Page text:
Thursday, September 4, 2014

Long Time Coming, Pt. 2 ...

Back in the beginning of May, my younger brother had his bachelor party in Chicago. It was a really fun, long, booze-filled weekend. And because of that, hen I flew home on Sunday it was the perfect time to begin my "official" training for the year. My plan was pretty simple - the only thing I could imagine that might make all those hills even a little bit easier was to carry less up them. And that meant losing weight - as much as I could without going too far that I had no energy. And that last part meant I wanted to do it quickly, so I had plenty of time to adapt on the bike. So on May 4th, I started eating clean and increased my mileage.

The "eating clean" part wasn't super extreme, but it was an adjustment. Basically, I started being very regular about what and when I ate - a bowl of granola in the morning, raw spinach with some deli smoked turkey and a small yogurt for lunch, and then some chicken or turkey breast with some beans or rice for dinner. And absolutely no snacks between meals. I drank only water and one glass of chocolate milk per day and gave up alcohol entirely for the first month. To keep it sustainable, I had one cheat meal per week (usually, Joanna and I would hit Chipotle for dinner on Friday) and if I was burned out on the same dinner night after night, I substituted a small panini and some sushi from Wegman's. In all, I was probably eating about 1300 calories per day. That was a pretty big reduction in calories, but it was actually surprisingly easy to do. To be fair, the first week was very easy because I was still recovering from my weekend in Chicago, and maybe after that I had adapted enough to be in a zone or something. Whatever the reason, I really never felt like I was all that hungry, which was kind of surprising considering that I was also increasing my miles on the bike significantly at the same time.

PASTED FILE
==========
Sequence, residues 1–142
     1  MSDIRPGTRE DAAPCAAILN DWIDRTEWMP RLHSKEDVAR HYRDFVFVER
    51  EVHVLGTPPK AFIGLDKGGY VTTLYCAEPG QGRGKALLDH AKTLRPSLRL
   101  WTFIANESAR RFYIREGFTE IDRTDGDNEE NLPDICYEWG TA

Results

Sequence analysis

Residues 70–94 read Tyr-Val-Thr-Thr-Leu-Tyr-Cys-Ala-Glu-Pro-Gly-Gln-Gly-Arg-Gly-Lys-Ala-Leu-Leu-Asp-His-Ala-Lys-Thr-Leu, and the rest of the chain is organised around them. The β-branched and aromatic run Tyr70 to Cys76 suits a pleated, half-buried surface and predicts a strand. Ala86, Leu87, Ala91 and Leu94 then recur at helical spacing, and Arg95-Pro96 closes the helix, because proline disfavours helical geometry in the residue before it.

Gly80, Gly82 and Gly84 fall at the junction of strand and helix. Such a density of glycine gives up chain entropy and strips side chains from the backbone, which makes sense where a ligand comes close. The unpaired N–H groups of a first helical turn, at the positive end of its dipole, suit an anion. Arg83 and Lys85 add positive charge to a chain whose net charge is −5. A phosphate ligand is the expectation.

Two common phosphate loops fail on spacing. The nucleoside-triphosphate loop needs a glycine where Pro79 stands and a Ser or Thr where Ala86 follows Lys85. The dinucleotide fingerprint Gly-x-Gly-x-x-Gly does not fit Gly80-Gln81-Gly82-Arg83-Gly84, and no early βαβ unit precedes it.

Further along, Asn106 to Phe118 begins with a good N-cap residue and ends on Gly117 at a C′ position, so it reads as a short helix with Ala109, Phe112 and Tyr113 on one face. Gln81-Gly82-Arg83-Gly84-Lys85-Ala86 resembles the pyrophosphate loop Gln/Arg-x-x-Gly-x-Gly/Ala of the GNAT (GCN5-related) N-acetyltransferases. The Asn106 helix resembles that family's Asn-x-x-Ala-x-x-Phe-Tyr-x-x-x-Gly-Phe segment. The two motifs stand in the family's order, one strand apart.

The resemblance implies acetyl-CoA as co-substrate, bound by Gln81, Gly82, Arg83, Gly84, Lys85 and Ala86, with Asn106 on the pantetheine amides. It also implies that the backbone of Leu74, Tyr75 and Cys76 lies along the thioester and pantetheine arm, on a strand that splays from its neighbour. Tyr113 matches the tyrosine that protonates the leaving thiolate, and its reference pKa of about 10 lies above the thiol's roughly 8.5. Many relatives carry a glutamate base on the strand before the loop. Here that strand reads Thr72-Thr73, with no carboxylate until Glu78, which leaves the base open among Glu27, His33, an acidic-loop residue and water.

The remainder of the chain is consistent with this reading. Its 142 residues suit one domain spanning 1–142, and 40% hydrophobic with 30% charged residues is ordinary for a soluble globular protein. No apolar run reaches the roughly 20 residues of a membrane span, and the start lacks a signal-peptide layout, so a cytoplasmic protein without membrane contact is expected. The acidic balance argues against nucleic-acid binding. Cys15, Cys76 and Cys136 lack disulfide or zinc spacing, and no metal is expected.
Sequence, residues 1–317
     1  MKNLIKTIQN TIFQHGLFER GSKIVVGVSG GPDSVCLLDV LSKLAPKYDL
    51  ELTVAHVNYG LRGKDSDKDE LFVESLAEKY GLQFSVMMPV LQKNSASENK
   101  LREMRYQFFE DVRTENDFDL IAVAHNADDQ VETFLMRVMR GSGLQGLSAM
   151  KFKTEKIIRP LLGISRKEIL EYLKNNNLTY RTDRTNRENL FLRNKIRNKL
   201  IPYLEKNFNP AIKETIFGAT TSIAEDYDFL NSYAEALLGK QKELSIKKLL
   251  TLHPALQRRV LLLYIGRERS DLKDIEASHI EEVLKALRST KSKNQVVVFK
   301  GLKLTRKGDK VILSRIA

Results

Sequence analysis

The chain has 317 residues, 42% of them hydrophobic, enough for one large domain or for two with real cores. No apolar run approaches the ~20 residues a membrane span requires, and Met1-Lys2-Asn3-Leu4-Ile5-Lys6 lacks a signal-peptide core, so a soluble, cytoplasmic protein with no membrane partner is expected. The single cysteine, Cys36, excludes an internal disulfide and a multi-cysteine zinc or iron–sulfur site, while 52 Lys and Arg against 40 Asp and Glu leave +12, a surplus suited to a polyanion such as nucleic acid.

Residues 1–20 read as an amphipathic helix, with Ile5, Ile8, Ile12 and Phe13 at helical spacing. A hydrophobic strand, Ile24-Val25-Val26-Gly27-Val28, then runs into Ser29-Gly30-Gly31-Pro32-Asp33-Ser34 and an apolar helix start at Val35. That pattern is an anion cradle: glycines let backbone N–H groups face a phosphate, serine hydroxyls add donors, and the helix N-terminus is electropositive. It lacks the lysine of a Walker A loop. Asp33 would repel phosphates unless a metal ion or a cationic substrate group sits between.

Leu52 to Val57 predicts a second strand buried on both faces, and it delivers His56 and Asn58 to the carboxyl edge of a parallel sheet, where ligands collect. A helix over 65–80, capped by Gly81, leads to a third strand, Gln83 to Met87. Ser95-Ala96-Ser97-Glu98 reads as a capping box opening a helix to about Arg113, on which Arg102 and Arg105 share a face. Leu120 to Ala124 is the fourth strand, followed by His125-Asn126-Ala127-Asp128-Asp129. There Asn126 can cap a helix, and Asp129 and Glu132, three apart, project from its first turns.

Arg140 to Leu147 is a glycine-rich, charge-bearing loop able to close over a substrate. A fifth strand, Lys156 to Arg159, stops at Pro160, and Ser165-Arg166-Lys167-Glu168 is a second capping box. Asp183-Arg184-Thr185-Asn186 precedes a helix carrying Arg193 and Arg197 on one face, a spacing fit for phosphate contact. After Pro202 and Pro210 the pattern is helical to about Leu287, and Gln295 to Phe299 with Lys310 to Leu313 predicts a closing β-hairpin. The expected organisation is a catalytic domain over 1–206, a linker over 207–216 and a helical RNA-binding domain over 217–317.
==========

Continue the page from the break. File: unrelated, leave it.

The first week and a half, I saw very little weight loss. When I started, I weighed 174, and I was only five pounds lighter after the first two weeks. But I knew that could be deceiving and that the key was to stay the course. By the end of May, I had started to gain some momentum and I was at about 160. And a week later, I was at 155. At that point, I "relaxed" my efforts in the sense that I allowed myself an occasional beer and ate "normally" for special occasions (like my brother's wedding in the middle of July), but other than that, I stayed with my plan. By the end of June, I was maintaining my weight between 150 and 154.

At the same time, I had not only increased my mileage but I was pushing my effort more.



My singular focus for the year remained the SM100, but I started to see general improvement in performance in just about every other event I lined up for as well. In May, I took the win the 4 hour endurance class for the inaugural Woodstock Wrecker in Patapsco Valley Park outside of Baltimore. Then I had a pretty good ride at the Stoopid 50. (I went off course by four miles, but still finished in under 6 hours and felt good on a  tough course all day.) Then in July, I won the SS division of the Stewart Super Six Pack, and followed that up with a win in the SS division of the half-marathon at Rattling Creek.